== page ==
Boa Island and the Caldragh Cemetary Janus Head
Boa Island is located in Lower Lough Erne which is in Fermanagh Northern Ireland. Lough Erne is located in the northwest corner of Ireland. The Lough is made up of 2 large lakes with Enniskillen sitting on an island that separates the upper and a lower lough that runs into the sea in Donegal through Ballyshannon. Within the lake are several beautiful and mysterious islands including Boa Island, Lusty Beg, Lusty More, Devenish and White Island.
The waters of Lough Erne cover around one-third of County Fermanagh, there are over a hundred islands in Lough Erne, and many of them have extraordinary stories dating back to before recorded history.
Boa is a long and narrow island, which is now connected to the mainland by a road bridge at each end and located in the northern part of Lower Lough Erne.
The Janus Stone Boa Island
The Janus Stone on Boa Island predates Christianity and it is believed that it goes far back in time to pagan Ireland. The stone itself is over 2000 years old and is one of the most famous carved stones in Ireland today.
Finding the Boa island stone figures
To find the Janus figure Boa Island which is located on Boa Island Road you can take the A32 North from Fermanagh Town until you reach the B82 which takes you onto Boa Island. The Cemetary at Caldragh is signposted on the left about 2 km down. Watch carefully the sign is very small and you will probably miss it the first time. You will need to rent a car to see this mysterious Island as no tour buses go there.
You will find a map on Google.
You will drive down what appears to be a farmer’s tractor lane with crops on either side, and follow the road to the end where you will see a small parking lot on the left-hand side and a cow gate. The cow gate has a small sign telling you that you are at Caldragh Cemetary.
Held within the mysterious Caldragh Cemetery, which is said to be one of the “thin places”, stands the two curious figures that have caused scholars to scratch their heads for many years. As you enter the graveyard you will spot the Janus head slightly to the left.
History of Boa Island
Boa Island is believed to be named after Badhbh, Caillech Bhéarra the Celtic goddess of war. Badhbh was known to shapeshift and take the form of a crow, who was seen upon the shoulder of, Cúchulainn after he died in battle. At other times she is pictured as a wolf.
She is one of three Celtic war goddesses that included her sisters, Macha and Morrigan. Their mother was the goddess, Ernmass who was said to be one of the Tuatha Dé Danann.
The biggest statue is called a Janus figure, which essentially means two-faced or two figures back to back. The east side of the figure is carved with a penis and is considered the male side and the west face is called the female side.
There is a sort of carved trough that separates the two heads that appears to be carved with zigzags and these days folks leave offerings to the gods in the space. Some theories suggest that the space was used for holding antlers or perhaps hair that joined the two together. What is certain is that the figure has nothing to do with the Roman God Janus.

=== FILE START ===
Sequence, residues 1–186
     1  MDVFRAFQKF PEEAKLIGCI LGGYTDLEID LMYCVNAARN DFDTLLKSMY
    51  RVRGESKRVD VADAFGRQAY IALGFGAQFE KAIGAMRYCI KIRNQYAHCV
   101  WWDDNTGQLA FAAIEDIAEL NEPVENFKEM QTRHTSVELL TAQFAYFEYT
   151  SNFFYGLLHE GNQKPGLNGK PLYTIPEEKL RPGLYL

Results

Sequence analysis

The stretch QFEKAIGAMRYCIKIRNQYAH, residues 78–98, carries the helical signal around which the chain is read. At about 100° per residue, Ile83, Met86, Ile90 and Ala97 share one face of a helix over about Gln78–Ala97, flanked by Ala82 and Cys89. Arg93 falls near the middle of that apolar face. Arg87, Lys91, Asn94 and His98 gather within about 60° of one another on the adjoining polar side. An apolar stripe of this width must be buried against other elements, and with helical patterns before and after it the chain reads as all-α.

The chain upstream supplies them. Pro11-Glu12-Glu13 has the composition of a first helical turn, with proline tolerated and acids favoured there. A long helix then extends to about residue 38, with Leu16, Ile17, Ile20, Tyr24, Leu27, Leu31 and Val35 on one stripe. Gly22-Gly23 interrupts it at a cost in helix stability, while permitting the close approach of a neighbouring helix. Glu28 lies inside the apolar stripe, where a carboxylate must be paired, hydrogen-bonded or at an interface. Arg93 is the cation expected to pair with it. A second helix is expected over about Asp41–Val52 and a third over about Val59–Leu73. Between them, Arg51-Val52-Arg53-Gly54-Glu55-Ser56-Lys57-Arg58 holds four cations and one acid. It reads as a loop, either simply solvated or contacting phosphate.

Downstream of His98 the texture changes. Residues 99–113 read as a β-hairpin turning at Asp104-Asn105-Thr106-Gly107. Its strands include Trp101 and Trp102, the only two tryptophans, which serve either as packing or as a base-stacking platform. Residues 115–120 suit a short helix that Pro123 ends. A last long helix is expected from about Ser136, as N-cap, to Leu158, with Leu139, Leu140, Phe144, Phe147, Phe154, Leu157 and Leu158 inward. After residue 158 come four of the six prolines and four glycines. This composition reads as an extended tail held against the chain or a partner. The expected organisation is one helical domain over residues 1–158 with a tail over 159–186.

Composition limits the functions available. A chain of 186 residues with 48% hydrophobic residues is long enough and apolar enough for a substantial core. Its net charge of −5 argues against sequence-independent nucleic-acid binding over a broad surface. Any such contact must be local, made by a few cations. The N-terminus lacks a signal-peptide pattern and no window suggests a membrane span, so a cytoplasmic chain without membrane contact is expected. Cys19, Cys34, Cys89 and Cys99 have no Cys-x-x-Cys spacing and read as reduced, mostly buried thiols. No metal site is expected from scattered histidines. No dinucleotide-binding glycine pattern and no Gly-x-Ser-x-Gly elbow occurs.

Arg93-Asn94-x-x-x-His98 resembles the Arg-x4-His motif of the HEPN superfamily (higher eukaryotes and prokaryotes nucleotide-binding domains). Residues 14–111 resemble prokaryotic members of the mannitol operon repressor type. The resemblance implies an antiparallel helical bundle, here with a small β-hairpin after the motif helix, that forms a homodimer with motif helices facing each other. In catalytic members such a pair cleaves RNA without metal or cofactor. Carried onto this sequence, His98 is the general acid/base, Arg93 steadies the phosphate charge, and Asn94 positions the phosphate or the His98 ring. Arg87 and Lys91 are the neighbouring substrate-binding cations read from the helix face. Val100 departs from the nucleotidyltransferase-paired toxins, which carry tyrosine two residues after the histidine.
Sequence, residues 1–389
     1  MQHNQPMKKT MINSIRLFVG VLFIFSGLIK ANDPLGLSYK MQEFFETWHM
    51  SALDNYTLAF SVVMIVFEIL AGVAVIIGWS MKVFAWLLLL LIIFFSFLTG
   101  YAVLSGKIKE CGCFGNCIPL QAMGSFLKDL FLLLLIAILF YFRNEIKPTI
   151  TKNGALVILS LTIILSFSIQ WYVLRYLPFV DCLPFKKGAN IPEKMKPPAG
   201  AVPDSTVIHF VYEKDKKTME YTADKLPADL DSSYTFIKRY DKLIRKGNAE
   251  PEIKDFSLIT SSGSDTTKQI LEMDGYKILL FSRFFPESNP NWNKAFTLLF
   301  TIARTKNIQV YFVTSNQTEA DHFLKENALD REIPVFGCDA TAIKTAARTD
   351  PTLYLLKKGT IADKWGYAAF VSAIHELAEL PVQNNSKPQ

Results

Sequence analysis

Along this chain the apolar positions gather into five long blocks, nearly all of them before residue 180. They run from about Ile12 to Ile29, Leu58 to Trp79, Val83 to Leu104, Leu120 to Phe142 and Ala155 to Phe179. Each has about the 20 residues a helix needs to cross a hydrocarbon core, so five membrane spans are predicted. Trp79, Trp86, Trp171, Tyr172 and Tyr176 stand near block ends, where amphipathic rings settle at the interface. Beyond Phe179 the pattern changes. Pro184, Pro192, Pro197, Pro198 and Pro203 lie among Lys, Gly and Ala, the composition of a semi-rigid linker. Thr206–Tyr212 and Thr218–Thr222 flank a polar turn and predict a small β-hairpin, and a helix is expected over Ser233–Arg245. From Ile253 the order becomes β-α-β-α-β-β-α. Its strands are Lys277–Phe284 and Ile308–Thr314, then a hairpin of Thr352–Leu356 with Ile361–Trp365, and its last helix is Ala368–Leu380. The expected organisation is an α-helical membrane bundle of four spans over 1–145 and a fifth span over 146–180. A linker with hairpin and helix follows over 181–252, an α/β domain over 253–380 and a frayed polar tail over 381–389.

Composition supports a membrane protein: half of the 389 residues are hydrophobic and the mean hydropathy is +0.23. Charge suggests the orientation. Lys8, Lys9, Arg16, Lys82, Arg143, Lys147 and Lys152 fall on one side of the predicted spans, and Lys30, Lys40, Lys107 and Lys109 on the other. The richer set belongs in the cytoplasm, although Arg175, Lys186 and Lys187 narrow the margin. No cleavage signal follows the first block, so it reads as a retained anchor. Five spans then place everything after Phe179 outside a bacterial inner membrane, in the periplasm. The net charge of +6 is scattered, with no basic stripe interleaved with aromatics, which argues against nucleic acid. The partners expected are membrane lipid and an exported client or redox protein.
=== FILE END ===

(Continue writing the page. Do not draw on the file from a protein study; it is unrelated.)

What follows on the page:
The east side of the statue faces the sunrise and some have said that it appears to be speaking. It has arms crossed over his chest in an almost Egyptian pose.
In 2003 a plinth or a base was found on Lusty More and brought to Boa island. This plinth is thought to be the original base of the figures. You can just see on the fragment the ends of the arms of the female side of the double-figure or Janus statue.
The smaller figure is known as “the Lustyman” because it was found on the nearby island Lusty More was moved to the cemetery in 1939, but it may well be a female figure. It is this smaller figure that appears to have only one eye fully carved that has allowed historians to develop the theory that it represents the “divine hag” or Boa and like the sky-god Odin of the Norse was blind in the left eye.
The figure appears to be holding something but it is not clear what it might be. It is believed that this statue and the “female” side of the Janus statue have their tongues sticking out which is believed to be a symbol of divinity and also associated with Odin. However, in medieval times it became a symbol of lust.
At one point in time, the figures were protected by awnings but over time the weathering has become worse. Both figures are described as Celtic Idols. e Irishmegaliths.org.uk
The Nobel Prize-winning poet Seamus Heaney celebrated the Boa Island figure’s similarity to the Roman deity Janus in his poem “January God” which gave it the name the Janus Stone.
January God by Seamus Heaney
Then I found a two faced stone
On burial ground,
God-eyed, sex-mouthed, it’s brain
A watery wound.
In the wet gap of the year,
Daubed with fresh lake mud,
I faltered near his power —-
Who broke the water, the hymen
With his great antlers —-
There reigned upon each ghost tine
The mothering earth, the stones
Taken by each wave,
The fleshy aftergrass, the bones
Subsoil in each grave.
Have you visited Boa Island? What mysterious things have you seen around Ireland?
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